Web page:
Lead poisoning woes continue for Chinese children
Smelting factories near villages in rural China are poisoning local Children with illegal heavy metal emissions.
Authorities in Hunan province have even imprisoned victims of lead poisoning who were on their way to receive health checks, according to an article in the Guardian:
The latest results, received on 24 February, revealed that 250 of the 397 children in the village had excess levels of lead in their blood. The victims included four of the five children of Liao Mingxiu, one of those still in police detention.
Reports of thousands of children in China being affected have surfaced over the past year in the provinces of Hunan, Yunnan, Shaanzxi, Sichuan, Guangdong and Henan. Lead poisoning can cause learning disabilities, behavioral problems, seizures, as well as brain and kidney damage.Lead enters the air from the chimneys of smelters, which also belch sulfur dioxide, contributing to acid rain.
From a China Daily report:
A green campaign in 2009 found that among the 541 companies in Jiahe, 309 were illegal or could not meet the environmental protection standard.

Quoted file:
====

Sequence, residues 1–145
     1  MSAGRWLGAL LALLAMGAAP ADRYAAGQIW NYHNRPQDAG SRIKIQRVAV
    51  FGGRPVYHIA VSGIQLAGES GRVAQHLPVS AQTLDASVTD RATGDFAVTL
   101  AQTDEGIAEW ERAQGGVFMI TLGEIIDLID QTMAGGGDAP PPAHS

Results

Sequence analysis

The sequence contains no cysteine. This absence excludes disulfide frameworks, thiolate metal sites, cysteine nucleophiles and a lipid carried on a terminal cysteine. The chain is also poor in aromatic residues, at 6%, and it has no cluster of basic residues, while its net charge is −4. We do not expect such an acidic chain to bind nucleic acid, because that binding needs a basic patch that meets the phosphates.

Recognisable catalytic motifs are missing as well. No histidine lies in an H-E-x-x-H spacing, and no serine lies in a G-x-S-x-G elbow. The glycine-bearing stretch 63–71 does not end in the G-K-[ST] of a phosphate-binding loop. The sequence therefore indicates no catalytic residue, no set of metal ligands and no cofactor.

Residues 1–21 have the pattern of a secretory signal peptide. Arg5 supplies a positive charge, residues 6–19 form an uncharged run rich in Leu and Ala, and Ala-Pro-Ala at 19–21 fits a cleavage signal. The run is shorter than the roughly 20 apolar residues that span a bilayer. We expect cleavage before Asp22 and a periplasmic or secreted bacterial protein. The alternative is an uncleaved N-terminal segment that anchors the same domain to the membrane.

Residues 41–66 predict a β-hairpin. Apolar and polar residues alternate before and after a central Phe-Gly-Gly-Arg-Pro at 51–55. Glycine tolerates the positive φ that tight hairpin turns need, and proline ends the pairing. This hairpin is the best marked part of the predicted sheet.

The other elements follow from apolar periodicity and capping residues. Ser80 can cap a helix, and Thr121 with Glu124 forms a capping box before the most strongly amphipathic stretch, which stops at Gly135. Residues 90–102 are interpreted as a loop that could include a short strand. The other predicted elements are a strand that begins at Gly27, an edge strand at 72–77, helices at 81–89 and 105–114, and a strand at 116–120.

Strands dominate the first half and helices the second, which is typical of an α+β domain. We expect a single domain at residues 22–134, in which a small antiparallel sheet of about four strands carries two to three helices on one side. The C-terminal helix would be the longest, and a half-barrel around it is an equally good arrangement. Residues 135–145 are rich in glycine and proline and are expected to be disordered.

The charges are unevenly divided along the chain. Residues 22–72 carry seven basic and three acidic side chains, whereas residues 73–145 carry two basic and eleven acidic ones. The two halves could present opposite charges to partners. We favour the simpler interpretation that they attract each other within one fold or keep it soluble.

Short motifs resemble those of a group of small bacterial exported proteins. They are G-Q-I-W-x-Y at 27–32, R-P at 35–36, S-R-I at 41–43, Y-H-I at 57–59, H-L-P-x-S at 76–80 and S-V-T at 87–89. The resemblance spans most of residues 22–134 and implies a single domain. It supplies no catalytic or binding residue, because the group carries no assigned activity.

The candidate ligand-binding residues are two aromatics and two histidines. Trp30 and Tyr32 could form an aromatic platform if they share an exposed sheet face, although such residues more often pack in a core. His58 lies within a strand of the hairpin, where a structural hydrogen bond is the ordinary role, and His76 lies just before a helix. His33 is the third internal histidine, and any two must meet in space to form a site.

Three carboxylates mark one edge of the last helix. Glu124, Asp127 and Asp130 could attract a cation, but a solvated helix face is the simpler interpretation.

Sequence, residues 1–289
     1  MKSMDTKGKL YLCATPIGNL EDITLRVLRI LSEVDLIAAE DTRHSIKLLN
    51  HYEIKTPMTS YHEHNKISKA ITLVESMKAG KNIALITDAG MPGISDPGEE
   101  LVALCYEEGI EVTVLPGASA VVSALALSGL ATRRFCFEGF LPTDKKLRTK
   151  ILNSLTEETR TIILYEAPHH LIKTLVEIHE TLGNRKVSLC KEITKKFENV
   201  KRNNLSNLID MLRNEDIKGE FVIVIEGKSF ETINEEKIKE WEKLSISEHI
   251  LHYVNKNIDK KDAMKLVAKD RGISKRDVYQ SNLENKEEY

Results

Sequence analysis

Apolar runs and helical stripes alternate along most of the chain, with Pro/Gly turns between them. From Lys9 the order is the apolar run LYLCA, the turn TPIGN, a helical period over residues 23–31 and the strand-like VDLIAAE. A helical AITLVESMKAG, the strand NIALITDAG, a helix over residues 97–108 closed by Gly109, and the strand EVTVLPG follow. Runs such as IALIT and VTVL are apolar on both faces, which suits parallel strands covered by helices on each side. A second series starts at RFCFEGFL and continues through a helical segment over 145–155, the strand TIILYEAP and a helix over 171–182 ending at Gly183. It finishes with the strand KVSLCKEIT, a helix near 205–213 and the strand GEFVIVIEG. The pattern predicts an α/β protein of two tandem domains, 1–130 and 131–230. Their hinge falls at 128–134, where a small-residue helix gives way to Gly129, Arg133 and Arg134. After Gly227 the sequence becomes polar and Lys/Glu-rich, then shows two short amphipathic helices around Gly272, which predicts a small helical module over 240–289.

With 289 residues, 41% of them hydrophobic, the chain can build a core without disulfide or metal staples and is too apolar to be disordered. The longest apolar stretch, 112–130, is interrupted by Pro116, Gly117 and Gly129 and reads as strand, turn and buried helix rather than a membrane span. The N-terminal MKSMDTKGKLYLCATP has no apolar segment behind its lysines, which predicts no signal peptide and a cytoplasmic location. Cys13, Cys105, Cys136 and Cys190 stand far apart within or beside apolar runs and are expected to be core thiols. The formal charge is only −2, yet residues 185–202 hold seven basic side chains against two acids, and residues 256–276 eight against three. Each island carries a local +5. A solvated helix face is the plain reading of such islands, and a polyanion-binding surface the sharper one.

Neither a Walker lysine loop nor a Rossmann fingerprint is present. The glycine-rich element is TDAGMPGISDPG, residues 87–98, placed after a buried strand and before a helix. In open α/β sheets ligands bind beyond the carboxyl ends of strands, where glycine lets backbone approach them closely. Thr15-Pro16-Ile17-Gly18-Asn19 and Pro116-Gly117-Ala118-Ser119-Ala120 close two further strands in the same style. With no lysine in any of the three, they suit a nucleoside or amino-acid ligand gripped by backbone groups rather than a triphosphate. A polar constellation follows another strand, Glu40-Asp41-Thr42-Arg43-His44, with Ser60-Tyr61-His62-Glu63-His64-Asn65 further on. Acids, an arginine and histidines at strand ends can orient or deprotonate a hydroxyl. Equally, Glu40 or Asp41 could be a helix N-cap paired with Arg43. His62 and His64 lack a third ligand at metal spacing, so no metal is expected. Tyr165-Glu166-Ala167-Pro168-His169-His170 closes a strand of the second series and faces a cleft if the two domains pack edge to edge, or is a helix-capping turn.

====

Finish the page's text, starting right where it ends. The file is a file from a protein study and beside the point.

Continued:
According to an article by the Associated Press, the Chinese government is investigating cases of children suffering from lead poisoning. Lack of enforcement of environmental standards and the failure of factories and local governments to comply with laws have allowed rampant pollution to continue largely unabated in parts of rural China.
Reports of lead poisoning have emerged from far-flung parts of China since last year, usually rural areas where large, highly polluting factories have been plunked down among farms at the behest of local governments whose performance assessments are based on their ability to deliver economic growth.
by Graham Land